The Rocket 88s

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Last night it was back to Phoenix’s Rhythm Room to try catch some of its more traditional blues offerings — and we struck gold, because the Rocket 88s were playing.

Of course, any true R&B fan know that Rocket 88, recorded in 1951 by Jackie Brenton and his Delta Cats, is considered by many experts to be the first rock and roll record. Last night the Rocket 88s were true to their illustrious name, playing a kick-ass mixture of early rock and roll and R&B that got many people (myself included) out on the dance floor and boogeying. We knew they were going to be great from the first notes, but they really blew the doors off.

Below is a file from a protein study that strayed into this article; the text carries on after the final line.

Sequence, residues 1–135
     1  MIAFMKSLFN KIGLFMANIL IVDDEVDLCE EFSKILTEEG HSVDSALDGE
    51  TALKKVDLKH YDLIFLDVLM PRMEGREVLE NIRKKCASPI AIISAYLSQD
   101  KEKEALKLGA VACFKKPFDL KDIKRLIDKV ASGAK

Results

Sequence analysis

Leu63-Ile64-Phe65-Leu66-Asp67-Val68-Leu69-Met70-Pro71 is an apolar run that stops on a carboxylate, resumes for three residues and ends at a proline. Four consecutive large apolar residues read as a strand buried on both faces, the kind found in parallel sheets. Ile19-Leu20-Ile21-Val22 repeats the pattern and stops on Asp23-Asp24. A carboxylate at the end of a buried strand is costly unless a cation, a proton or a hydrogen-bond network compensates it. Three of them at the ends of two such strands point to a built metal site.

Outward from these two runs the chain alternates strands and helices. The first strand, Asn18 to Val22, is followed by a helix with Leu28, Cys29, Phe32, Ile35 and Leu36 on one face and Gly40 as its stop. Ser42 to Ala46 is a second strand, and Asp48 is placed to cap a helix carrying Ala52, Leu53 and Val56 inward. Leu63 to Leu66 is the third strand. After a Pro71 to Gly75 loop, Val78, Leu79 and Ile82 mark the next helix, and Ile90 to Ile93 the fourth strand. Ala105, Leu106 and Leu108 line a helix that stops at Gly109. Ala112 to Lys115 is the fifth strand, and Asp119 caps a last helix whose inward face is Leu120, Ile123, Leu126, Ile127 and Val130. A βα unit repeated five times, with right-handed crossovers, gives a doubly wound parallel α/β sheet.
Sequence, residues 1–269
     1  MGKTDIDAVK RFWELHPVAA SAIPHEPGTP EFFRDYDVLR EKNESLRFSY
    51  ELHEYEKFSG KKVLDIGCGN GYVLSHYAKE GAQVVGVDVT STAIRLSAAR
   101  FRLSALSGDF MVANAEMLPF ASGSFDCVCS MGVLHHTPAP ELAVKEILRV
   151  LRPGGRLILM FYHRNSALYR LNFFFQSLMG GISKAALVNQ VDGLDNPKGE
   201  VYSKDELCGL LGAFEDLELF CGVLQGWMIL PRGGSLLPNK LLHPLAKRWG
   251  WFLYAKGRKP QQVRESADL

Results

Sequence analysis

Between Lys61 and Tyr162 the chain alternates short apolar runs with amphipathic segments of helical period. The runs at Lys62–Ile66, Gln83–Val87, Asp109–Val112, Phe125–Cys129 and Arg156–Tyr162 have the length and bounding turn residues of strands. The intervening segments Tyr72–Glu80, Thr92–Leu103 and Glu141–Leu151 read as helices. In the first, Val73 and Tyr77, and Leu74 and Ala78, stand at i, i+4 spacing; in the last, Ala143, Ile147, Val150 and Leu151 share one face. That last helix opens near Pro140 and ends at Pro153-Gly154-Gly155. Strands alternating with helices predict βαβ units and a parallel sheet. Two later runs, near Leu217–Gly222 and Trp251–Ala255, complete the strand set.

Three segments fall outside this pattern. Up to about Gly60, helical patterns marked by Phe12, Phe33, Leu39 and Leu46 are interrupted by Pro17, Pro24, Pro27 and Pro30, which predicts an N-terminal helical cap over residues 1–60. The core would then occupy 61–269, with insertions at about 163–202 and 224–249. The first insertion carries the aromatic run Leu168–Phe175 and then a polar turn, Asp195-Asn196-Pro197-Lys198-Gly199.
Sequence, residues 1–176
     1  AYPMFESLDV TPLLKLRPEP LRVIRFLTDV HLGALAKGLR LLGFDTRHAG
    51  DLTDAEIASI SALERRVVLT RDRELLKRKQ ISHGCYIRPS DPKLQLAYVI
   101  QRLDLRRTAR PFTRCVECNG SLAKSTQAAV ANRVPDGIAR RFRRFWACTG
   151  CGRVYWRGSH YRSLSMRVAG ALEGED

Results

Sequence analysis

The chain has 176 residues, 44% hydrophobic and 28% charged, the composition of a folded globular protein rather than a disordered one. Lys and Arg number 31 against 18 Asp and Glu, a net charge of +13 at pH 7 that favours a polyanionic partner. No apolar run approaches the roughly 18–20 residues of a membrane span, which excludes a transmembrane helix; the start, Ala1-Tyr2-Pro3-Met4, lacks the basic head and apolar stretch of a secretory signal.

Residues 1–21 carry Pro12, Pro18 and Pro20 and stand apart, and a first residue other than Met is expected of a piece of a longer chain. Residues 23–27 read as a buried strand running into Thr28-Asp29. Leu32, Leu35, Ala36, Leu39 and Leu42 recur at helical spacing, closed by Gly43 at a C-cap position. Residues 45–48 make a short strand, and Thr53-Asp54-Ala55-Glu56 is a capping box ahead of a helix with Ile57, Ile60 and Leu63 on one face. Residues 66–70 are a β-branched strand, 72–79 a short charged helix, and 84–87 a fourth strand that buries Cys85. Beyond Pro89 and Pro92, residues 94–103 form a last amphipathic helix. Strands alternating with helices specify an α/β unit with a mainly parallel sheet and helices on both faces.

Why would a Columbus, Ohio guy write about a Phoenix band that he’ll (unfortunately) probably never get to see again? Because local music is important and should be supported, whether the locality is Columbus or Phoenix or New Orleans. And if a hard-working band gives you a great evening they deserve a shout-out even if no one reads it. The Rocket 88s were really good and earned the kudos. I bought one of their CDs, too.

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At The Rhythm Room

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Last night we hung out at the Rhythm Room, a legendary Phoenix blues rock club. It is found in a somewhat marginal part of the sprawling Phoenix metroplex, just down the street from a funeral home and a Native American joint where you can get enormous fried bread tacos that position you nicely for the beers of the evening.

Rather than its normal offering of blues, last night the RR was featuring an eclectic mix of acts that ran the gamut from folk to abstract emo to these guys, who did a very credible job covering some power rock classics from Creedence, Hendrix, and Stevie Ray Vaughn.

It’s fun to experience a live music venue in a new city, even if not every act is to your liking.